I confess, I haven’t always had much luck with novellas, even when it comes to those by favorite authors, but I ended up really enjoying this one. For me, it was simply the right mix of humor and horror. Take the witty, smart-alecky narrative style of The Martian and combine it creepy, dread-inducing atmosphere of Alien, and you’d probably end up with something like Walking to Aldebaran. One wouldn’t think that would work so well, but it did.
The book takes us inside the head of our protagonist, astronaut Gary Rendell. And us, we are Toto. Don’t ask. All you have to know is that our man Gary has been on his own for a long time, long enough for him to start going a little stir-crazy, hoping to find another living soul to call friend. They wouldn’t even need to human. At this point, Gary is beyond caring about such trivialities, for you see, he’s trapped on a giant alien artefact that was found drifting at the edge of our solar system, following a disaster that killed the rest of his crewmates. Now he’s lost, frightened and alone, wandering aimlessly through the cold dark tunnels of the megalith.
Gary had thought he was lucky when he was chosen to be part of the exploration team, after a space probe sent back images from the Oort Cloud showing a strange alien rock which was nicknamed “The Frog God” because of its uncanny resemblance to the amphibious animal. But now that he’s in this mess, he can’t help but look back on the past and examine the chain of events which has led him here. And maybe it’s the shadows playing tricks with his eyes, or the fact he’s losing his mind from being so lonely and terrified, but over the course of all this walking, he’s seen and experienced some pretty weird shit. Not to mention, perhaps he’s not so alone in these Crypts after all, though whatever horrible thing is out there, he’s not so sure he wants to meet it.
Hands down, my favorite thing about Walking to Aldebaran was the voice of protagonist. There’s no question that Gary Rendell’s humorous accounting of his journey added much enjoyment to the book, but there’s also another side to it. You know the saying “you gotta laugh or you’ll cry” or ever hear of people cracking jokes as a fear response? There’s definitely an underlying element of this at play in the narrative, and rather than breaking me out of the immersion, the humor actually worked to further emphasize the sheer horror of the situation in which Gary has found himself.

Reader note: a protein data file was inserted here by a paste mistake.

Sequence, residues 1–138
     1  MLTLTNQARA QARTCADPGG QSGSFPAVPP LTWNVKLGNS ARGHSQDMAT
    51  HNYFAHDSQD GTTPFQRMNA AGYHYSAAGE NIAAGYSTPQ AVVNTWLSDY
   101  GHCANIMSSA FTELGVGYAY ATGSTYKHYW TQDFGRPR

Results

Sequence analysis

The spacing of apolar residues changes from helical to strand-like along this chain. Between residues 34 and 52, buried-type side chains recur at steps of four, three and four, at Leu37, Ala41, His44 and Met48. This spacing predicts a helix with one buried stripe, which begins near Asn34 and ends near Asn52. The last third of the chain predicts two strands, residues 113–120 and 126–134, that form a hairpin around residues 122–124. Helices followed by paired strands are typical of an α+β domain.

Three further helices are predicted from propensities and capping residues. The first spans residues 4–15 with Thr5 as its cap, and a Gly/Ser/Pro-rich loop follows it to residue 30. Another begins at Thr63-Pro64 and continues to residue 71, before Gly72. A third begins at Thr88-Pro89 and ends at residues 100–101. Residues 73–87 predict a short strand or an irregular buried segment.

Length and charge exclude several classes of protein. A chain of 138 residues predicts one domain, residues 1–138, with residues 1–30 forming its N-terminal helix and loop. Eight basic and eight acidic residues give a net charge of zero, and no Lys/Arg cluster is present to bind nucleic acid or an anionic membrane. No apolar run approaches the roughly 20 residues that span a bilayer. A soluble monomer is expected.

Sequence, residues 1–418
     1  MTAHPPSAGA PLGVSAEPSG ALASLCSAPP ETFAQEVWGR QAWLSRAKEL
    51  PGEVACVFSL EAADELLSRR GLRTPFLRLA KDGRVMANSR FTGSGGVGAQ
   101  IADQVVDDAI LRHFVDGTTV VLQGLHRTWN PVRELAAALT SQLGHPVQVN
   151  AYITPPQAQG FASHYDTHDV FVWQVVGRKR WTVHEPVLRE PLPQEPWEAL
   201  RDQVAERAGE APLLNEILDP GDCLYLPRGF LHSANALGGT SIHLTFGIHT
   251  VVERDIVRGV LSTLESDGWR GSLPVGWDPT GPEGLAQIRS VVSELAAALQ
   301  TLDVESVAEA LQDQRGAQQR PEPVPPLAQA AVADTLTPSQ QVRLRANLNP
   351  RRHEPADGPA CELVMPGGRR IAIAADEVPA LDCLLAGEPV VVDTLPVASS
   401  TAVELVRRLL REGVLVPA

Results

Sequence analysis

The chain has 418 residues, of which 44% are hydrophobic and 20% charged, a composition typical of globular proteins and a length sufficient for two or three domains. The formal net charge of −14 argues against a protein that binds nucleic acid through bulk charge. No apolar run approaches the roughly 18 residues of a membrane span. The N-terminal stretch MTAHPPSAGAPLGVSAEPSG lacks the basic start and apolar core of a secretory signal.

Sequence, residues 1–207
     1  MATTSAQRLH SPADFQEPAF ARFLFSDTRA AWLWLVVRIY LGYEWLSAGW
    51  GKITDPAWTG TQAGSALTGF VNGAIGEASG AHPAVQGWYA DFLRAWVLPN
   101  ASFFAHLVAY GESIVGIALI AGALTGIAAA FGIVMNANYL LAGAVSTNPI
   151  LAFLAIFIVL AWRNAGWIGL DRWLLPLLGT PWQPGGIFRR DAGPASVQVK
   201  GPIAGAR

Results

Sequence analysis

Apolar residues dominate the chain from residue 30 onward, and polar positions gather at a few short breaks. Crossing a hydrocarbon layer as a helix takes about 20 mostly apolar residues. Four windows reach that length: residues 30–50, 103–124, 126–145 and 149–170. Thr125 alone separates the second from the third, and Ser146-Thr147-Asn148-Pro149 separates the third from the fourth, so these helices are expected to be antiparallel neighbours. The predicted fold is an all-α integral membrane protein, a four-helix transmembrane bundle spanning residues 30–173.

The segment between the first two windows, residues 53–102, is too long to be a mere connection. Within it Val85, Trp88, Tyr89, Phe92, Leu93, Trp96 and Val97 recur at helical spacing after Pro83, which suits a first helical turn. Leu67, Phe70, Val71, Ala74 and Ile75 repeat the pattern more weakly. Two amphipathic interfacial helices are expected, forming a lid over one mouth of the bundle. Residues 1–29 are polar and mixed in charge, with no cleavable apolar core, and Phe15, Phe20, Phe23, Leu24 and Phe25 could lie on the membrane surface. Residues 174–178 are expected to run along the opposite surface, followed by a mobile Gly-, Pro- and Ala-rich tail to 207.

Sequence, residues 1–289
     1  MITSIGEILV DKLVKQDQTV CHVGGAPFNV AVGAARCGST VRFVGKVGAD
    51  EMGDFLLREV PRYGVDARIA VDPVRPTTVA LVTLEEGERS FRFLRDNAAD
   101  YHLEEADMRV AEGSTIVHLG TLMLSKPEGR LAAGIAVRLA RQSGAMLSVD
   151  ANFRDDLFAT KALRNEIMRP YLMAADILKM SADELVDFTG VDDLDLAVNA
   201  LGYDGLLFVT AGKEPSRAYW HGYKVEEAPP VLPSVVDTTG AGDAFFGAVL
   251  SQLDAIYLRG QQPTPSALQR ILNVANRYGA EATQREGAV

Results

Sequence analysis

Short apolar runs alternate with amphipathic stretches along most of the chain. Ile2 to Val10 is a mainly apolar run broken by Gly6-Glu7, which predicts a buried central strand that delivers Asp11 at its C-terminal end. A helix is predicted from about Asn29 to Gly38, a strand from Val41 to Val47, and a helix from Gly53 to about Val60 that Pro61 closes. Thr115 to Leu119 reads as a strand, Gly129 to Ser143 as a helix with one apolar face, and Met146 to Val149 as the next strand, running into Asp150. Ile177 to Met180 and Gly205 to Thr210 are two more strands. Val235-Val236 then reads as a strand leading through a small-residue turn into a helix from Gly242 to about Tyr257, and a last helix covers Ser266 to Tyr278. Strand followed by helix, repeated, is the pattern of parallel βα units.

I also liked how the overall story unfolded. For such a short book, there’s quite a lot to unpack. From Gary’s experience in the Crypts to the events that led up to the discovery of the Frog God and how the exploration team came to be on the alien artefact, everything is covered here in a way that balances pacing and the amount of detail being doled out. Adrian Tchaikovsky takes care not to overwhelm the reader with information, nor does he want to push us too far over the edge when it comes to the terror and intensity of the atmosphere. Each time before the plot can veer too far in one direction, he reels things back to build interest in another area, so that we get to cover a lot of ground while moving at a fast clip. Flashback scenes and memories were also done well in a way that doesn’t draw too much attention away from what’s happening in the here and now.
Also, the ending—which I will not go into, because no spoilers here—was one hell of a dark twist, and I never thought I’d be saying this but it might have single-handedly solidified Walking to Aldebaran as one of my favorites by the author, right behind Children of Time. Granted, so far I’ve only read a relatively small sample of his massive bibliography, but this one felt pretty special to me, which is all the more impressive considering how picky I am when it comes to novellas.
Bottom line, I found Walking to Aldebaran to equal parts hilarious and terrifying, and ultimately very rewarding. Of course, I can see it not being to everyone’s tastes, given the narrative tone of the protagonist, but if you don’t mind a bit of lightness with your horror and an interesting approach to the unreliable narrator, I would give this a try. I also don’t recommend novellas too often, but once in a while an exception will come along, and this one I believe would be an excellent introduction to Adrian Tchaikovsky because it’s a wonderful showcase of his talents as a storyteller, if you’ve ever been curious about his work.